Theresa May is expected to rebuff Jeremy Corbyn’s call for a vote of no confidence as government sources accused him of ‘silly political games’.
The Labour leader’s move is not a vote of no confidence in the Government as a whole, but one in the Prime Minister herself, meaning Mrs May can ignore it without allowing a debate or a vote on it.
She walked out of the House of Commons today moments after the Leader of the Opposition made the suggestion.
Number 10 sources have now told the BBC that the government will not allow the no-confidence vote.
They said that ministers would not ‘go along with silly political games’ after the SNP also slammed Mr Corbyn’s attempt as ‘pathetic’.
Mrs May (pictured, right) is expected to rebuff the demand for a vote of confidence after the Labour leader (left) floated the idea in the Commons today
Earlier today Theresa May was seen leaving the House of Commons moments after the vote was suggested
The Labour leader has been slammed by both sides after the Tories accused him of ‘silly political’ games and the SNP said his attempt didn’t go far enough
Labour had hoped to build enough political pressure to embarrass her into it after she rescheduled a vote on her Brexit deal for mid-January.
A spokesman said: ‘If she refuses, it is clear that she does not believe she retains the confidence of this House.’
The scheme appeared doomed shortly after it was suggested as Brexiteer rebels said they would back Mrs May.
The SNP condemned Mr Corbyn for the ‘pathetic political cynicism’ and insisted he get on with calling a proper vote of no confidence – something only he has full power to do as Leader of the Opposition.
Jeremy Corbyn (pictured today in the Commons) abandoned an attempt to call a stunt vote of no confidence in Theresa May in less than an hour today
After the stunt collapsed, SNP MP Stewart McDonald said: ‘The idea that Corbyn has forced anything is, bluntly, trash talk’
Tory Greg Hands joined in the ridicule of Mr Corbyn, warning he had ‘I have no confidence in Labour’s ability to table a No Confidence motion’
Labour chief whip Nick Brown promised his MPs tonight Labour was still ready to table a full-blown no confidence vote in the Government at the right time.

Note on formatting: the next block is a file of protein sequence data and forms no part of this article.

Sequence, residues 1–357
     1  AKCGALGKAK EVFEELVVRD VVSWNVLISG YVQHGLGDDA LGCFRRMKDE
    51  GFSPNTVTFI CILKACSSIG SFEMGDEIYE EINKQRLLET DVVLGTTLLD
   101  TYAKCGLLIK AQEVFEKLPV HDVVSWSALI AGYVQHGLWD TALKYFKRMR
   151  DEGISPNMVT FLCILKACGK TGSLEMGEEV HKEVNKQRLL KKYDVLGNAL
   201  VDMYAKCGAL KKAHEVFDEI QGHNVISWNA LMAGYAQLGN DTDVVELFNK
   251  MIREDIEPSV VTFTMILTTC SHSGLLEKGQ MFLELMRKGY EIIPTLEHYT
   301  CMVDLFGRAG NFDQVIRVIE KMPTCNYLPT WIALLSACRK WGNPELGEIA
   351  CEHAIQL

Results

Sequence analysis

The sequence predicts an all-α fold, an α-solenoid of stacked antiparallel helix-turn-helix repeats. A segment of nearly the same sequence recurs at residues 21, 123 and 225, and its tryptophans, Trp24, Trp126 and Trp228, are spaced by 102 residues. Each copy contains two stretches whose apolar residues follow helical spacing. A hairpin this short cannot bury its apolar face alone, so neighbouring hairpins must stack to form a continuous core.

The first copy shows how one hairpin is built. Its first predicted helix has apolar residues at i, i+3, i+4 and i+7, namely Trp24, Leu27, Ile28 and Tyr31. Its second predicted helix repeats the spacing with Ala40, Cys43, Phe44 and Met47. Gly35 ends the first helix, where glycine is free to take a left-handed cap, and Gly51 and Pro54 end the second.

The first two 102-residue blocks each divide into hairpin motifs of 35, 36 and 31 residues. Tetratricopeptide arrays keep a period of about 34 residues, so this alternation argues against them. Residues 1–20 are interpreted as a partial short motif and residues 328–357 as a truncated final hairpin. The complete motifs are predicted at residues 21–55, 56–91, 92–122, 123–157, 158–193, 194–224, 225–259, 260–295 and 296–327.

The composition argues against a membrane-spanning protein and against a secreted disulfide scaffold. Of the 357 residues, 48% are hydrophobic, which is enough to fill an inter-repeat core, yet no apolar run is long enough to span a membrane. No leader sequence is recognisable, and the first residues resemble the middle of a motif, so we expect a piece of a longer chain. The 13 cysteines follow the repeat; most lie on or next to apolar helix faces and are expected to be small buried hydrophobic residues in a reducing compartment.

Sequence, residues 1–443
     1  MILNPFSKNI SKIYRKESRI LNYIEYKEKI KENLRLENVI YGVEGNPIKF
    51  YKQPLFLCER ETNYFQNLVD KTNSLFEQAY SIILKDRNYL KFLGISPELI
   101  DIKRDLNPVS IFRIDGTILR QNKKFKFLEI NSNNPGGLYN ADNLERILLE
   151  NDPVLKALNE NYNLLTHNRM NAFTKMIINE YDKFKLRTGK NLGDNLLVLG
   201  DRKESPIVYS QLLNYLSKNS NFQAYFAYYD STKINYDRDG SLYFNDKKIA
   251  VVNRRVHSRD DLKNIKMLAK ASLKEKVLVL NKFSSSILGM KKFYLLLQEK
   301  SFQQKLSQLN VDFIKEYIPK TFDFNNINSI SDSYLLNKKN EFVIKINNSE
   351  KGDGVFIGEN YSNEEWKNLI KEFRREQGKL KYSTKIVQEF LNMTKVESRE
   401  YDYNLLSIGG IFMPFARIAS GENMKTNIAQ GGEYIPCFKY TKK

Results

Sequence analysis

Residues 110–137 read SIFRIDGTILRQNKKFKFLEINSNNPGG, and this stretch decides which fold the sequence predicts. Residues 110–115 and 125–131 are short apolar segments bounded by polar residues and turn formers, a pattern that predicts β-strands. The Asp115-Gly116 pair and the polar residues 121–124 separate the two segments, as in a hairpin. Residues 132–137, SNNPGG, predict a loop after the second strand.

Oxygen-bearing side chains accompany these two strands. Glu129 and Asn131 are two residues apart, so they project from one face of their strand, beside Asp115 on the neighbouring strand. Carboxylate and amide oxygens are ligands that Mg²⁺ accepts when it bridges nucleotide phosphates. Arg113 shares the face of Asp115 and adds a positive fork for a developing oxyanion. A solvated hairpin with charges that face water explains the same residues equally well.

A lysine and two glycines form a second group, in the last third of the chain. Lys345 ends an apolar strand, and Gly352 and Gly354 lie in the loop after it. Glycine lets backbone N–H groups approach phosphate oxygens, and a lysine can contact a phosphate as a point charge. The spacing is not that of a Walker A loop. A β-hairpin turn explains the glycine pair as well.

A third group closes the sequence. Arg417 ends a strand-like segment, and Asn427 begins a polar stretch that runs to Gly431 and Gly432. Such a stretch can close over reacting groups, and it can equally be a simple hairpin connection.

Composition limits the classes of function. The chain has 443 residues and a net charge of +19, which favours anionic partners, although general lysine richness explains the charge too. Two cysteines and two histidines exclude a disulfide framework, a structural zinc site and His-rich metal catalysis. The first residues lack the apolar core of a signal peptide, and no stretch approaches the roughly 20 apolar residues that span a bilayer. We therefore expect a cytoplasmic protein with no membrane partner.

Brexiteer Steve Baker dismissed the Labour stunt, saying: ‘Eurosceptic Conservatives are clear that we accept the democratic decision of our Party to have confidence in Theresa May as PM.
What is Corbyn trying to do and why will it not trigger an election
What is Jeremy Corbyn proposing?
Jeremy Corbyn has said there should be a vote of no confidence in the Prime Minister if she does not set a date for a vote on her Brexit deal.
Can this force her to resign?
Not automatically – but a confidence vote against the PM would be very damaging and lead to calls for Theresa May to quit.
Can it force an election?
No. A motion of no confidence in the Prime Minister is not the same as one in the whole Government. Only the second version is enough under the Fixed Term Parliaments Act to start a countdown to the election.
Why is Corbyn doing this?
Mr Corbyn wants the vote on Brexit deal before he tries to do a full-blown confidence vote. He believes Mrs May will lose a vote on her deal and that will make her more vulnerable to a proper confidence motion.
Will Corbyn’s vote happen?
It depends. Labour can call debates on whatever it likes on Opposition Days – usually Wednesdays. But is has no more time this year to call debates.
Labour will insist the Government should make time to have this debate and vote – but Parliamentary rules suggest ministers can just ignore it.
‘We will vote against Labour in any confidence motion.’
Lib Dem leader Sir Vince Cable said Mr Corbyn was ‘bottling a real confidence vote’.
SNP MP Stewart McDonald said: ‘The idea that Corbyn has forced anything is, bluntly, trash talk.
‘It’s a clumsy and risible attempt at trying to be seen to be doing something when in truth he is doing nothing more than fiddling while Rome burns.’
Neil Gray added: ‘Pathetic political cynicism trumps real opposition for Labour.’
Tory Greg Hands joined in the ridicule of Mr Corbyn, warning he had ‘I have no confidence in Labour’s ability to table a No Confidence motion’.
Losing a vote declaring there is no confidence in Mrs May would be acutely embarrassing and would provoke calls for her to resign.
But crucially the motion Mr Corbyn considered would not be binding and would not start a 14-day countdown to an early election.
That can only happen if a formal vote of no confidence in the entire Government is tabled under the laws in the Fixed Term Parliaments Act.
Parliamentary rules suggest Mr Corbyn’s motion would not have forced the Government into allowing time for a debate or vote – meaning Mr Corbyn’s call could have just been ignored even if he had made it.